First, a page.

S E C U R E Acrostic


The more integration work that has to be done to get a component to work, the more opportunities to introduce unintended errors which can result in security vulnerabilities. Secure code should therefore not require any special skills to incorporate. It should just be the normal way of doing things.

Easy to Understand

Complexity breeds insecurity. If you have overly complex code that other developers may need to maintain, it is in your best interest to re-factor this code and simplify it as much as possible. If code is hard to understand, it’s hard to troubleshoot and hard to review for vulnerabilities. The K.I.S.S. principle is good for security.

Cognizant of attacks

The more self-defensive your software is, the better it can identify and protect itself from attack. Strong auditing and defensive coding techniques such as input filtering / sanitization can help your identify potentially malicious input which can tip you off to potential attacks. These inputs can be audited and logged properly and if required, raise alerts.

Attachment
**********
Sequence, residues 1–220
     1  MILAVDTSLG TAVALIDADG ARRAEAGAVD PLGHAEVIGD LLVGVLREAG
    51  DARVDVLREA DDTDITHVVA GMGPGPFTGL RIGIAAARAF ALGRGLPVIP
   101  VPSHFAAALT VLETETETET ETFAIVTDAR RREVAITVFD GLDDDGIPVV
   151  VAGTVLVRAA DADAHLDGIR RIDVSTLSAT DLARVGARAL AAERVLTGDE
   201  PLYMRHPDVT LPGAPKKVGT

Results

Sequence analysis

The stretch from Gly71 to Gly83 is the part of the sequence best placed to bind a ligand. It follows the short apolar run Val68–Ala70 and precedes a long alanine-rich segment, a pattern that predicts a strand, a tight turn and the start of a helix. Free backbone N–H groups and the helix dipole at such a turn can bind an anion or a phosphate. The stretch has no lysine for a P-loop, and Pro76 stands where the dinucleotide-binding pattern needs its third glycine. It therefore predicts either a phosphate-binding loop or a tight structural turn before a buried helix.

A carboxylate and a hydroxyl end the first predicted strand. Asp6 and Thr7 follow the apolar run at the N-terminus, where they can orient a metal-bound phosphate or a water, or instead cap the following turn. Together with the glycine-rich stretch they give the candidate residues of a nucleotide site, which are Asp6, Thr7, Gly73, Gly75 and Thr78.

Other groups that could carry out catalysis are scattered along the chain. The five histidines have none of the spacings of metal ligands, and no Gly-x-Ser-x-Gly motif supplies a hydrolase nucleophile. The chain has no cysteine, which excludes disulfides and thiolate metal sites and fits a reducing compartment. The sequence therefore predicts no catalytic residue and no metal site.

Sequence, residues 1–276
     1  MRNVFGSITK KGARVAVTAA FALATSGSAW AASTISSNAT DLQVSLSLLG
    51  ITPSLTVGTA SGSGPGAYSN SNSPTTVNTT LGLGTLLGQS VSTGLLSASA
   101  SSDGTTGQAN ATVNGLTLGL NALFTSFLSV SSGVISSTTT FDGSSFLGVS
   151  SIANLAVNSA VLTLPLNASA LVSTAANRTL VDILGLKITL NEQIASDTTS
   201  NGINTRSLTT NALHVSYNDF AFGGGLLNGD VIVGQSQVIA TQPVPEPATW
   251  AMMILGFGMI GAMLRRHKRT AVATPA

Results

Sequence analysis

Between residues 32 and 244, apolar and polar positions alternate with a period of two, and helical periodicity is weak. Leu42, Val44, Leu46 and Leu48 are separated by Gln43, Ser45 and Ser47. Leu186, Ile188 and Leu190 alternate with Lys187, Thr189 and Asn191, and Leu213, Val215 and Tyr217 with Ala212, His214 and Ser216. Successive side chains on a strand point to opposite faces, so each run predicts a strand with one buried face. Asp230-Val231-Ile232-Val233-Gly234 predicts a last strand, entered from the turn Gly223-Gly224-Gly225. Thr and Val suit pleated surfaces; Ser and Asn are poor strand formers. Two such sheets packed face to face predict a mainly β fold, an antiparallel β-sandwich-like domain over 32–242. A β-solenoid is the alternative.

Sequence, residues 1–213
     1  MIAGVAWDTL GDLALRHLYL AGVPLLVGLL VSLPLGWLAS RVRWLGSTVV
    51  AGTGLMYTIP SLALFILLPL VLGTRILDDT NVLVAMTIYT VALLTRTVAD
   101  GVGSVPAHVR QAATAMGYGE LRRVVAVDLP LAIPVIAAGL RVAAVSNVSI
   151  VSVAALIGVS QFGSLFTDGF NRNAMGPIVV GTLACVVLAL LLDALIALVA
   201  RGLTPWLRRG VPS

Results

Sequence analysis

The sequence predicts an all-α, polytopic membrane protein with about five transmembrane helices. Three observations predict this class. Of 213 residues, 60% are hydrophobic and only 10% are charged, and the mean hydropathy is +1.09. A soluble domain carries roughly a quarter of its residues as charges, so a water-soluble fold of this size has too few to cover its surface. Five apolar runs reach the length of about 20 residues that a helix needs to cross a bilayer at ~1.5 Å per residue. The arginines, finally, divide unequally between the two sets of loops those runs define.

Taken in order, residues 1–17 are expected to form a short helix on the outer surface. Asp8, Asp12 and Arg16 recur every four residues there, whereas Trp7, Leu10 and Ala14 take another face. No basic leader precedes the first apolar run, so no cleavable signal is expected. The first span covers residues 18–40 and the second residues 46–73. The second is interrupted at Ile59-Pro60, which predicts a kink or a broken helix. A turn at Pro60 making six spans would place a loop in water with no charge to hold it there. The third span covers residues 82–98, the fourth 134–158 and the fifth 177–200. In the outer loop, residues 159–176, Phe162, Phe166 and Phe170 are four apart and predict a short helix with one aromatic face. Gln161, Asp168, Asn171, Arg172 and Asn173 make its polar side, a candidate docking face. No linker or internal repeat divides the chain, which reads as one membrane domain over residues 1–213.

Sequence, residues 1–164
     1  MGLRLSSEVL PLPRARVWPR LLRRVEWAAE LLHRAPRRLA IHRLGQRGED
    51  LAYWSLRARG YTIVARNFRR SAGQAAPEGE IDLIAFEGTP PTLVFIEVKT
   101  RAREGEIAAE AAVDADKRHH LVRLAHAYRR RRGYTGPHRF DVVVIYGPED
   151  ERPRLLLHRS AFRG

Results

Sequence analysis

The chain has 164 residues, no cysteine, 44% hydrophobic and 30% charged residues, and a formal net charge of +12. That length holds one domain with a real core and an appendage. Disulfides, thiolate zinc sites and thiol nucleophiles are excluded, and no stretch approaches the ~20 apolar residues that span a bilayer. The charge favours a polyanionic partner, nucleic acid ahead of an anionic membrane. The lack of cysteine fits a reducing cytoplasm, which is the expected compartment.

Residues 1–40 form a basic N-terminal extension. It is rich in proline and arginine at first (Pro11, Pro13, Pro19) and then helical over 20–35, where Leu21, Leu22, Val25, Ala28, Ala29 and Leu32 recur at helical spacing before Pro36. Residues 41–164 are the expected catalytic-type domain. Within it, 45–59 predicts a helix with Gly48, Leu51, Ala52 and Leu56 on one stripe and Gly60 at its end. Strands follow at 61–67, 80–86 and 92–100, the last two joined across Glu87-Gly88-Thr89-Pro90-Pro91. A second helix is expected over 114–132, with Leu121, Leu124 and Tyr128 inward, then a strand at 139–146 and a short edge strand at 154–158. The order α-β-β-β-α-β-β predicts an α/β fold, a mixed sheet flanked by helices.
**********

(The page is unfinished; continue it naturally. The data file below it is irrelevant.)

Unit Tested

All code should go through rigorous, consistent and repeatable unit testing. This increases the level of assurance that the code has undergone thorough testing and therefore is less likely to ‘break’ under attack.


Code should expect bad things to happen and fail to a secure and reliable position. There are more ways to DOS a system than to flood the pipe. Getting a system to error out and crash works just as well. Build in proper error handling and fail securely. Secure code does not underestimate the power of the adversary.

Error Tolerant

As with Resilient above, errors happen. Proper error handling needs to be maintained at all levels. At the same time, secure code does not provide more error information than necessary.

Contributed by

Rocky H, Richard L,

ACE Team